Lead can inhibit photosynthesis, disrupt water and mineral balances, impact seedling development, and alter the plant's hormones.

    At very high lead concentrations of 10000 to 40000 mg/kg, lead can affect the soil community, killing bacteria and fungi. Many of these microorganisms have mutualistic relationships with plants.

    A symbiotic relationship is a close ecological relationship between individuals of two different species. In a mutualistic symbiotic relationship, both species benefit.

    Mycorrhizal fungi form mutualistic relationships with plants. The fungi increase the root area, helping plants to access essential nutrients and vitamins. In return, plants provide the fungi with carbohydrates.

    If lead poisoning disrupts the soil community, it can have severe effects on plant growth and nutrient cycling.


    Lead can enter the human body by consuming contaminated food and water, or inhaling dust or fumes that contain lead. Once in the body, it's stored in the bones and blood, giving rise to a range of unpleasant symptoms. Large doses of lead can cause pain, weakness, headaches, memory loss, anaemia, organ damage, and even death.

    Unborn Babies

    Lead exposure can cause miscarriage and stillbirths in pregnant women. Alternatively, it can cross the placenta and cause damage to the unborn baby's nervous system.


    Children are at significant risk of irreversible long-term effects of lead poisoning. In particular, lead influences brain development and reduces IQ and attention span, whilst increasing antisocial behaviour and risk of psychiatric problems in later life.

    It's estimated that 62.5% of unknown development and intellectual disabilities were caused by lead exposure.

    Additionally, children are more likely to ingest lead than adults. Young children regularly put objects in their mouth. Eating sweet-tasting lead paint chips is a common cause of lead poisoning in children.

    Lead, paint chip poisoning, StudySmarterLead-based paint chips are often eaten by small children, and can easily contaminate soils. Unsplash

    1 in 3 children worldwide have significant levels of lead poisoning, causing 1 million deaths annually. Furthermore, the intellectual disabilities it causes has led to an estimated $1 trillion loss of income for low and middle income countries. That's approximately 6% of their GDP. Scientists have also observed a link between lead exposure and violent crime.

    The charity Lead Exposure Elimination Project (LEEP) aims to reduce lead poisoning around the globe. 59% of countries have no regulation on lead paint, so LEEP is pushing for regulations to restrict the production, importation, and sales of leaded petrol and paint. The charity focus on targeted research, government advocacy, industry outreach, and follow-up studies.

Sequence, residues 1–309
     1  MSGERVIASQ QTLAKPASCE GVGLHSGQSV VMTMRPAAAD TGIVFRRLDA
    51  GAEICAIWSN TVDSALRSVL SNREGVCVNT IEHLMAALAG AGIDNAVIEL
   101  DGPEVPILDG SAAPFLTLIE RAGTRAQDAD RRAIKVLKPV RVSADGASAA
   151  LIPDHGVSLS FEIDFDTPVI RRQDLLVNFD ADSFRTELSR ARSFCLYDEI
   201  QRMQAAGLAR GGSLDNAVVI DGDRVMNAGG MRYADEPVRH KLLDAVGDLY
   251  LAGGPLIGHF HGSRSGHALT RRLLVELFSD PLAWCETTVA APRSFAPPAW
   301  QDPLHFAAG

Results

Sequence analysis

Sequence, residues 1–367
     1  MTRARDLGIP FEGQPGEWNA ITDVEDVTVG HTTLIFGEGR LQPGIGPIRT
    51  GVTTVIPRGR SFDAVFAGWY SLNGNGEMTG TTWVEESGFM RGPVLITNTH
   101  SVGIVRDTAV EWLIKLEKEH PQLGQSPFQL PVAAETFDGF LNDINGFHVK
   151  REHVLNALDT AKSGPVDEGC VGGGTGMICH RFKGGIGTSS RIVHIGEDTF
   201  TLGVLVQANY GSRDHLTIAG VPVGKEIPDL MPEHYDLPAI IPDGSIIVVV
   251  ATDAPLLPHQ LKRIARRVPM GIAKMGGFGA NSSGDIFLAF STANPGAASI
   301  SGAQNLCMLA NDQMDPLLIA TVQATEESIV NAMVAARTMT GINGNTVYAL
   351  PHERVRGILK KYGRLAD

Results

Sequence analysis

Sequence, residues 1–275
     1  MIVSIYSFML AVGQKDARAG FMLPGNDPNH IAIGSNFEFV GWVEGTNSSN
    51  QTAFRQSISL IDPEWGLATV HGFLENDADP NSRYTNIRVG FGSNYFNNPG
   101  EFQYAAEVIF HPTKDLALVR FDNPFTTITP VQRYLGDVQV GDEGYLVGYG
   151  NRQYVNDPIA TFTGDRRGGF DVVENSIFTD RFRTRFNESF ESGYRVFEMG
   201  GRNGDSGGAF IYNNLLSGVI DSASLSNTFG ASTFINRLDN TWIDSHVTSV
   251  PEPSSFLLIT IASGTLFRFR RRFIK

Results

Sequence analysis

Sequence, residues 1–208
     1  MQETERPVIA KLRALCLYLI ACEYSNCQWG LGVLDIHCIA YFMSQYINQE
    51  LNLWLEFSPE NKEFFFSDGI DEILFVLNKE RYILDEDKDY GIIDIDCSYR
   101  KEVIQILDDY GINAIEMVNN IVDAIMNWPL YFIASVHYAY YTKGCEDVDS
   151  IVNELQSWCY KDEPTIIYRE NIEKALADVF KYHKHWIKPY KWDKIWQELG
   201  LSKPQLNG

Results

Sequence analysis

I hope that this article has explained what lead is and why it poses a risk for you. This highly toxic metal can contaminate the environment, leading to lead poisoning if ingested. Lead poisoning is a particular problem for children, who may experience irreversible health and developmental problems.

    Lead - Key takeaways

    • Lead is a soft post-transitional metal. Small amounts of lead occur naturally in the soil. It's a corrosion-resistant, workable, soft metal with a low melting point.
    • These properties meant that it was used in pipes, paints, and fuels for centuries. Its widespread use has resulted in environmental contamination and pollution.
    • Excess lead in the soil can inhibit normal plant function, leading to stunted growth and chlorosis. High concentrations of lead can kill symbiotic microorganisms in the soil, impacting plant growth and nutrient cycling.
    • Lead is a highly toxic metal. If ingested, even in tiny amounts, it can cause lead poisoning. The lead molecules can enter organs, affect the CNS, and accumulate in the bones.
    • Children are especially at risk for lead poisoning; they are more likely to ingest lead, and it can cause irreversible developmental delays and intellectual disabilities.

    1. Dr Lucia Coulter, Medicine, nonprofit entrepreneurship, and lead, Lead Exposure Elimination Project, 2022

    2. Guoying Wang, Association Between Maternal Exposure to Lead, Maternal Folate Status, and Intergenerational Risk of Childhood Overweight and Obesity, JAMA Network Open, 2019

    3. Honglin Sun, Lead Exposure Induces Weight Gain in Adult Rats, Accompanied by DNA Hypermethylation, PLoS One, 2017

    4. K. M. Wade, Lead, PlantProbs, 2019

    5. Nuclear-Power, Lead – Melting Point – Boiling Point, 2021

    6. Richard Stehouwer, Lead in Residential Soils: Sources, Testing, and Reducing Exposure,

    Penn State Extension, 2010

    7. Subhendu Datta, Influence of some abiotic environmental factors on acute toxicity of inorganic lead to Cyprinus carpio var Communis (Linn.) and Catla catla (Ham.) in simulated toxic aquatic environment, Toxicological & Environmental Chemistry, 2003

    8. World Health Organisation, Lead poisoning, 2021

    Frequently Asked Questions about Lead

    What is lead? 

    Lead is a soft, grey, post-transitional metal. 

    How to prevent lead pollution in the environment? 

    Lead pollution in the environment can be prevented by removing and disposing of potential contaminants such as old pipes or lead-based paint. 

    How does lead get into the environment? 

    Lead enters the environment by manufacturing processes, mining, burning lead-based materials, or water runoff.

    How does lead in water affect the environment? 

    Lead in water can contaminate soils, affecting plants and soil microbial communities.

    What are the uses of lead? 

    Lead is used in car batteries, diving weight belts, storing corrosive liquids, radiation protection, and some solders.

    What are the 5 physical properties of lead? 

    Lead’s physical properties are a low melting point, workability, corrosion resistance, poor electrical conduction, and high toxicity.